The Spanish Inquisition and the expulsion of the Jews
In 1478 the Spanish Inquisition arose after the issuance of a bull by Pope Sixtus IV by which its control was granted to the Catholic Monarchs.
The Dominican friar Tomás de Torquemada was the First Inquisitor General. He had ancestors who were converts, and was a confessor to Queen Isabella the Catholic.
The Inquisition did not move against the adherents of other religions, but it did against heretics and false converts.
In 1391 there were major revolts against the Jews, with looting, killings and the destruction of the Jewish quarters of Seville, Córdoba, Toledo and Barcelona, etc., producing forced conversions to the Catholic faith.
After the revolts of 1449 in Toledo a sentence/statute was issued requiring “pure blood”, compelling one to demonstrate that he descended from an “old Christians” and barring converts from municipal offices and other institutions.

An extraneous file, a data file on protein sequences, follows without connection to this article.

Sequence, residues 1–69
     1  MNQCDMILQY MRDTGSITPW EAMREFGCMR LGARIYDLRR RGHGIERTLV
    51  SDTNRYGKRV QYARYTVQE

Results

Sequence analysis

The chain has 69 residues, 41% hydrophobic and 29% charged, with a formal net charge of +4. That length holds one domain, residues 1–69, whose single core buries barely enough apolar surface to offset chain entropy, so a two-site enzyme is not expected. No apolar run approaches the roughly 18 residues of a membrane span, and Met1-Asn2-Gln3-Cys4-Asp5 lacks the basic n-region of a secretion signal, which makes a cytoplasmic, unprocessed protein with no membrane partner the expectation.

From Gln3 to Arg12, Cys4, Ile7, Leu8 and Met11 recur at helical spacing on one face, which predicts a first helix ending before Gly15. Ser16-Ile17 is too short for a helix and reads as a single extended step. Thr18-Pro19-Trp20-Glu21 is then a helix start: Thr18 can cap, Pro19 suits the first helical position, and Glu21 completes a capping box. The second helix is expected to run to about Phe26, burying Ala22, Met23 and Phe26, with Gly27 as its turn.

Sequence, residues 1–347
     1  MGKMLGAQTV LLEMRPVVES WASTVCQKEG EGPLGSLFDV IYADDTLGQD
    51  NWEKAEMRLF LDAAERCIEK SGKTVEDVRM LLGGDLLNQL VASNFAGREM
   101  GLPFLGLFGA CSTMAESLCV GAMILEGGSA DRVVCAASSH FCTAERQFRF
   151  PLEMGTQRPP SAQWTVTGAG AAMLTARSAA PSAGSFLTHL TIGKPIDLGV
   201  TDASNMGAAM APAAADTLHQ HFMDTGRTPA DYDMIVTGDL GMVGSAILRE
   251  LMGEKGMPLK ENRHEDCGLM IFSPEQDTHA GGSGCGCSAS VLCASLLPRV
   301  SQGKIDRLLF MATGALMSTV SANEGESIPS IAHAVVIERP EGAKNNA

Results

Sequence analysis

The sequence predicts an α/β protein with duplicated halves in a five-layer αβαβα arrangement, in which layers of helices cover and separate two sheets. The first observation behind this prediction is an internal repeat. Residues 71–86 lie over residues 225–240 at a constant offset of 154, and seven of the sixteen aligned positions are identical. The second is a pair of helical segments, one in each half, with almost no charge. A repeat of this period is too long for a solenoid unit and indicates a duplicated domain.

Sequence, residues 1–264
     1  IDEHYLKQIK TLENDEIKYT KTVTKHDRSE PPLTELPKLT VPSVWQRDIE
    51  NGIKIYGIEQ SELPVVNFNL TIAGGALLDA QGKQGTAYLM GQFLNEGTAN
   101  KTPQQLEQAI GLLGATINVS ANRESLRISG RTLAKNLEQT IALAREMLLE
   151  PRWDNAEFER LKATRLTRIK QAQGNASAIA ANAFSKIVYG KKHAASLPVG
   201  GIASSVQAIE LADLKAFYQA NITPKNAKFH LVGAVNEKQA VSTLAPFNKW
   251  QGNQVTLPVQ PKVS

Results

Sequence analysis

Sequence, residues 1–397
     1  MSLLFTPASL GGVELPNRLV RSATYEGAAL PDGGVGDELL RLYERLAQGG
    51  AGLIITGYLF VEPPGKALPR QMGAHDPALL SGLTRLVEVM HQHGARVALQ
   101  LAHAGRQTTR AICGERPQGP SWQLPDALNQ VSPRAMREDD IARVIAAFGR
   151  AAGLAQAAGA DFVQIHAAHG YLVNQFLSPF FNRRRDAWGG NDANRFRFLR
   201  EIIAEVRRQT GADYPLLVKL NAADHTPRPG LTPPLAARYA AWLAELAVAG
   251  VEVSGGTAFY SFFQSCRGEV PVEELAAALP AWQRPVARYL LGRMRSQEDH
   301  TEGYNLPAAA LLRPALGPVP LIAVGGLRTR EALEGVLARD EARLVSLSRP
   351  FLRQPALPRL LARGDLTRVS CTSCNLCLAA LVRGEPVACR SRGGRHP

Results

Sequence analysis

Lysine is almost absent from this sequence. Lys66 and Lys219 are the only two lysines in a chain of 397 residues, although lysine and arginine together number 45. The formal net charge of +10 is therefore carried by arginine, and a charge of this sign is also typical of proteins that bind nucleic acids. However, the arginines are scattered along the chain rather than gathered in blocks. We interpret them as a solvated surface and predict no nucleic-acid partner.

This prompted a large number of Jews to convert to Christianity in the 15th century, giving rise to a new social group: Jewish converts (judíos conversos), aka “New Christians”, viewed with suspicion by both Jews and Christians, as many of them continued to secretly practice their former faith.
The reality is that conversion was the only way to escape potential persecution and to access positions that they could not hold otherwise.
In fact, many of these converts managed to rise to important positions, even within the Church.
Precedents leading up to the Jews’ expulsion included:
- The Catholic Monarchs’ power unification policy
- The preaching of the Archdeacon of Écija, in Seville, also played an important role.
- Finally, there were the rivalries between Jews and converts, and the insincere practices of crypto-Jews.
In 1492 the expulsion of the Jews from Castile and Aragon was ordered by the Catholic Monarchs through the Edict of Granada; these Jews came to be called “Sephardic”, from the Hebrew Sepharad, meaning “Spain”.